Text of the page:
AnchorAnchorItalian is the official language and is spoken in all parts of Italy, although some minority groups in the Alto Adige and Aosta regions speak German and French, respectively. Correspondence with Italian firms, especially for a first contact, should be in Italian. If a reply comes in English, then the next correspondence with the Italian firm can be in English. The use of Italian is not only regarded as a courtesy, but assures prompt attention, and prevents inaccuracies that might arise in translation. Most large commercial firms are able to correspond in various languages in addition to English and Italian, but a business overture or proposal is given more serious attention if written in Italian.

The importance of having trade literature, catalogs, and instructions printed in Italian cannot be overemphasized. The agent representative in Italy who has such material is in a far better competitive position than the one who can only show literature in English to prospective customers and consumers.


Medical services are good and medical standards compare with those in the United States. Common medical needs are easily accessible, and special supplies are normally available on short notice, including most pharmaceuticals. See the Centers for Disease Control website for any  travel health notices for Italy. Drinking tap water is generally safe.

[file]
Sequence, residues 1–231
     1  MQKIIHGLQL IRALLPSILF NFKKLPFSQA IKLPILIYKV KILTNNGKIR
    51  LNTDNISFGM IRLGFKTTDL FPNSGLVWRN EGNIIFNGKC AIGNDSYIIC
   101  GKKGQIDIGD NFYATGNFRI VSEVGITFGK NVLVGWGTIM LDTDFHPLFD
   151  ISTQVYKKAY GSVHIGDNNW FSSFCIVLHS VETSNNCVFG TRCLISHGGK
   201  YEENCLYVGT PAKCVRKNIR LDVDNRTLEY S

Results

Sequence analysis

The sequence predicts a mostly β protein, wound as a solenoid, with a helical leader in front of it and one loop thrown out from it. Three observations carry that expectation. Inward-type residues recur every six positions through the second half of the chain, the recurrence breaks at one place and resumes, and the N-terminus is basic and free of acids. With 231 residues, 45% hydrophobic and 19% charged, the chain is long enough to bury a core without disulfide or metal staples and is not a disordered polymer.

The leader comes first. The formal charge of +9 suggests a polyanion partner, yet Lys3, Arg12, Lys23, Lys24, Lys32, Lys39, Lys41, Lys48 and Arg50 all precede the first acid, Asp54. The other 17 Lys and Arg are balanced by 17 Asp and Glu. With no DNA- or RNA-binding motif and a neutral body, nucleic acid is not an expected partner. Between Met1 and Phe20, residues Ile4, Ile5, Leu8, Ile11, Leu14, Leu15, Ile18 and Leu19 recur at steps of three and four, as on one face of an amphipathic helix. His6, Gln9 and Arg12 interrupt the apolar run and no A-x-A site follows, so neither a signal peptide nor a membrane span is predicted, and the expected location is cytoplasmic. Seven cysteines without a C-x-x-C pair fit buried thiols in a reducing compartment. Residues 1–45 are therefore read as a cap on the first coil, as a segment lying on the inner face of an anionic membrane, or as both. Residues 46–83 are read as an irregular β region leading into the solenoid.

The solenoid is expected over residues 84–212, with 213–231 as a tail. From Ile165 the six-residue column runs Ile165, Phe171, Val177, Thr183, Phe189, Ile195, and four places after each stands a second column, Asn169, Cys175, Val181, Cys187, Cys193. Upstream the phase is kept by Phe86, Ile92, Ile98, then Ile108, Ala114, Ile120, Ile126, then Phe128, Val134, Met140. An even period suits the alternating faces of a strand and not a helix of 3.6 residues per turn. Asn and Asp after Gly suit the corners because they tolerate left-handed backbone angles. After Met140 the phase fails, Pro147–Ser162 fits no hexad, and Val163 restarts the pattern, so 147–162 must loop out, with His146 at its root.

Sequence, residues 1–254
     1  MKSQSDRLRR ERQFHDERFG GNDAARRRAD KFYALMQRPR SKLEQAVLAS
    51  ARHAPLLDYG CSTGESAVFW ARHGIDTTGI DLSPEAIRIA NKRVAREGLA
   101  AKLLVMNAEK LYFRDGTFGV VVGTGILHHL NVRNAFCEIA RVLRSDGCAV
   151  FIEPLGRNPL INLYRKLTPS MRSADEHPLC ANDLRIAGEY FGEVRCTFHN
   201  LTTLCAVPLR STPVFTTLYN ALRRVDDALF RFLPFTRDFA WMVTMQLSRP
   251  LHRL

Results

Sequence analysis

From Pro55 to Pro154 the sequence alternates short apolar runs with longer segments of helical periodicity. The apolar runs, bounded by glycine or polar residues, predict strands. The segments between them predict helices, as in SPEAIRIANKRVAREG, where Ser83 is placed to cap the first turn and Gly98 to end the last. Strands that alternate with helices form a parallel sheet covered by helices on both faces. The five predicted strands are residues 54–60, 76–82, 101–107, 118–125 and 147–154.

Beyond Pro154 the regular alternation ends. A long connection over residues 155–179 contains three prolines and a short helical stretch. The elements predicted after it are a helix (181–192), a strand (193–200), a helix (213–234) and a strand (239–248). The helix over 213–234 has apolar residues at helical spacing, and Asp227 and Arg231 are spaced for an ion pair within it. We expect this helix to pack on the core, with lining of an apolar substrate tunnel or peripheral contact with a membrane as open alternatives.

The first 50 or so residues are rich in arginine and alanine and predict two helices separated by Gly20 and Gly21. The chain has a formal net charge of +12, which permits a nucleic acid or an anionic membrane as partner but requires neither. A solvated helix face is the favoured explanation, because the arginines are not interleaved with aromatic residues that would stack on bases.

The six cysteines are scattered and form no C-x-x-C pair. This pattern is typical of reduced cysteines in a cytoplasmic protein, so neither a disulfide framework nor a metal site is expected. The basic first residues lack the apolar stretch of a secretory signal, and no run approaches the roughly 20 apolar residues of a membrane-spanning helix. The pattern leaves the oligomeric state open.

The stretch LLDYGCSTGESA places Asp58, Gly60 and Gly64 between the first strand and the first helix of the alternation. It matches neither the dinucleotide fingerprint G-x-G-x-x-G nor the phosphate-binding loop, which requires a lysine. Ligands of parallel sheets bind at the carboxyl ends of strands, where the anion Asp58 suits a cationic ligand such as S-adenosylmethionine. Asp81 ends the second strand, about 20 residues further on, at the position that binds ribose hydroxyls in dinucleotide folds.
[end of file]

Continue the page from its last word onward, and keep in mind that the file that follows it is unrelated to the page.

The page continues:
Local Time, Business Hours, and Holidays

The time zone for Italy is six hours ahead of U.S. Eastern Standard Time, except during periods at the beginning and end of daylight savings time (Italy begins daylight savings time later in the year and ends earlier than in the United States).

The usual Italian business hours are from 8:00 or 9:00 a.m. to 12:00 or 1:00 p.m. and from 2:00 p.m. to 5:00 or 6:00 p.m., Monday through Friday, although some professional services companies may stay open later. Working hours for the various ministries and local government are normally from 8:00 a.m. to 2:00 p.m. without intermission, although many now follow normal business hours. Bank hours are from 8:30 a.m. to 1:30 p.m. and from 3:00 to 4:00 p.m., closed on Saturdays and Sundays. Retail establishments are closed on Sundays with some exceptions, primarily in tourist areas. In recent years, Italy has enacted legislation providing flexibility in retail-store operations.